Nairobi, Kenya, May 9 – Rental apartments in Rwaka remain the most attractive for many Kenyans due to their proximity to the city and access to affluent suburbs while Ngong and Kitengila have emerged as profitable new towns for Nairobi residents.
A report by Hass Consult reveals that in the first quarter of 2021, demand for apartment rents in Ngong and Kitengila rose by 5.5 per cent and 5.2 per cent while Ruaka rose by 2.9 per cent.
Ruaka cemented its position as the largest supplier of apartments in sub-towns which account for 30 percent of all units advertised. The satellite cities recorded the strongest growth in apartment rents with Ngong and Kitengela at 5.5 percent and 5.2 percent, respectively,” the report revealed.
Sakina Hasnali, Head of Development Consulting and Research at Haas Consult, attributed Rwaka’s strong position to its easy access to affluent suburbs that offer high land value that can be accommodated in high-density residential developments.
“Rawaka has thus become the largest apartment owner within the satellite because it offers the ability of working residents to enjoy the cost of housing and lower transportation costs,” Hasnali said.
Overall, real estate sales prices posted a 2.89% increase over the same period and 6.8% year-over-year growth from March 2021.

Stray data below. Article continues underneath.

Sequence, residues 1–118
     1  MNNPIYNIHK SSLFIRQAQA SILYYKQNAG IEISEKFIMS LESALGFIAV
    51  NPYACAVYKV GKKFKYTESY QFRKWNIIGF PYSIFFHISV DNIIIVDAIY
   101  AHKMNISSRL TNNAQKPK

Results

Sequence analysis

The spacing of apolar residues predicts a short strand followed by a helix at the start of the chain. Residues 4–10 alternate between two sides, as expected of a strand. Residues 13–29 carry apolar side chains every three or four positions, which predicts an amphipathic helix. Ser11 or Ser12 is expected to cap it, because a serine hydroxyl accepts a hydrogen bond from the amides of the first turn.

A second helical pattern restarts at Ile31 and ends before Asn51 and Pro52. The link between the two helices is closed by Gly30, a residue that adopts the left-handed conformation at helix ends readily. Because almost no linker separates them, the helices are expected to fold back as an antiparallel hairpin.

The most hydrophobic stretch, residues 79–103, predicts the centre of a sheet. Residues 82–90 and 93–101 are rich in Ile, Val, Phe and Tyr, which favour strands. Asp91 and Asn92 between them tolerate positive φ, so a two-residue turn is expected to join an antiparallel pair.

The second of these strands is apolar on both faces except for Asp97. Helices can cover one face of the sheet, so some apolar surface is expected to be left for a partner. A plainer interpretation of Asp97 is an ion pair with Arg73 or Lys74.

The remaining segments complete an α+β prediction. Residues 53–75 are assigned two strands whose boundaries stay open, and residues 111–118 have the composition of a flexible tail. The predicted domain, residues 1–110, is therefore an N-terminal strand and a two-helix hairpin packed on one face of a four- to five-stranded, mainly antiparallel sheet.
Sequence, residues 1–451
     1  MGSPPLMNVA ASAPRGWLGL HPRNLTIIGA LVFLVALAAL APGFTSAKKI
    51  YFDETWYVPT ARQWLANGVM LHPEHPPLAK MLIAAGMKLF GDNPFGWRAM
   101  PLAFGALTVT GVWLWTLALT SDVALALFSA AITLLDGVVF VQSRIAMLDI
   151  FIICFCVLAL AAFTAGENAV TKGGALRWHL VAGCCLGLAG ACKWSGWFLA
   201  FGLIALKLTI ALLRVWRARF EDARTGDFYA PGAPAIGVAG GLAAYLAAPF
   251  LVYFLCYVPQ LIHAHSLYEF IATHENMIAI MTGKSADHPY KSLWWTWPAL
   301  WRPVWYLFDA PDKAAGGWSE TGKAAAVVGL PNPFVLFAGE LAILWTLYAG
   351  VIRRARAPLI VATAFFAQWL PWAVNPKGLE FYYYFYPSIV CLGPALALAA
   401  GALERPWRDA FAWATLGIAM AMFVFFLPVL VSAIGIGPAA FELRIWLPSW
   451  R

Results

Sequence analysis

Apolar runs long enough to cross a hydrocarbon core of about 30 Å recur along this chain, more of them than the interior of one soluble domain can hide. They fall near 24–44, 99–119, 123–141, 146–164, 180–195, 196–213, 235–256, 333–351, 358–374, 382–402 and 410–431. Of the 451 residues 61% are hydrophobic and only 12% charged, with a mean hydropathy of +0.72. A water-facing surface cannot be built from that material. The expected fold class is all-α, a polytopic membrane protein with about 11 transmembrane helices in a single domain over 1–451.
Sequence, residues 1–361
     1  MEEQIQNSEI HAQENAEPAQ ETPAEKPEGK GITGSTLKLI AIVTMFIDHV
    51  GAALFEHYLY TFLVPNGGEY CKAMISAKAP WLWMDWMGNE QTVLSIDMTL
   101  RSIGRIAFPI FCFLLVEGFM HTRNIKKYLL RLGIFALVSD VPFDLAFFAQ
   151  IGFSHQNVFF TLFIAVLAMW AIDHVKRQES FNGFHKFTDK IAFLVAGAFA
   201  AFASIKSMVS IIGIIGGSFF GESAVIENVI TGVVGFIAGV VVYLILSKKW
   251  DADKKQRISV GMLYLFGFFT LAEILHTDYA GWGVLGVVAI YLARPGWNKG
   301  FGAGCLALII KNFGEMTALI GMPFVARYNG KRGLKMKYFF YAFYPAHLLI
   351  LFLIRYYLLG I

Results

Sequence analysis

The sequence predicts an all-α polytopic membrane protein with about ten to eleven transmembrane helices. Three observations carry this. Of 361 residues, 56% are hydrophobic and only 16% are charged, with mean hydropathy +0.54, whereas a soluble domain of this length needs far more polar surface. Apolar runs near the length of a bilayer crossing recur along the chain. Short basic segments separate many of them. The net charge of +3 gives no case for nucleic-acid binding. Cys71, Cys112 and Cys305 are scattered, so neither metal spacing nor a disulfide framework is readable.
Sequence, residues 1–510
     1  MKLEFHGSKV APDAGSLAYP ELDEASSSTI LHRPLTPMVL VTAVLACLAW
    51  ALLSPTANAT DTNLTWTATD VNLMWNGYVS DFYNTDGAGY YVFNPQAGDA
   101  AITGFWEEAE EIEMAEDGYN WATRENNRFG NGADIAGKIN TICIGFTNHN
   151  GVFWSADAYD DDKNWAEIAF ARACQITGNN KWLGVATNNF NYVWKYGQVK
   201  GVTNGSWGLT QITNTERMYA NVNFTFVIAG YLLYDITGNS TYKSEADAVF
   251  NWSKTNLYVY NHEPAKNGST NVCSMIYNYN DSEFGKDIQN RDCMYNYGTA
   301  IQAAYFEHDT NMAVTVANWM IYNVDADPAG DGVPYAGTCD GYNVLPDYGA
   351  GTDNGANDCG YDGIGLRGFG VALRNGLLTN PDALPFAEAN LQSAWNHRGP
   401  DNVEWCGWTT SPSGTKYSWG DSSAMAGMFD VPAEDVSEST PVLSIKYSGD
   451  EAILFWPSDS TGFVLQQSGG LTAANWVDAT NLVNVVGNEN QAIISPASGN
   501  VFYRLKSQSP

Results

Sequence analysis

However, apartment sales prices remained flat with a decline of 0.6 percent in the quarter and a decline of 3.4 percent in the year to March 2022.
“However, real estate rental prices showed a slight improvement mainly driven by the rebound in previously low apartment rents. Requesting apartments registered a 2.2 percent increase during the quarter, raising total demanded rents by 1 percent. The report revealed that Detached and semi-detached home rents were flat at 0.7 percent and 0.2 percent, respectively.
The demand for detached homes also increased after recording a growth of 4.3 percent and an annual growth of 11.8 percent.
Due to easier access via Redhill Link Road, Spring Valley, Nyari and Kitisuru saw the highest growth at 4.2 percent, 3.9 percent and 2.7 percent, respectively.
Hasnali added that given the 2021 Landlord and Tenant Bill, which if enacted would give the government the power to set rent increases in commercial and residential buildings, this could affect the
“It is still too early to say for sure the impact of the proposed rent control laws, but investors are keeping tabs. There have been similar laws like the Banks Act 2016 that were meant to control interest rates to support consumers
The unintended consequences of reducing the availability of credit to the market.”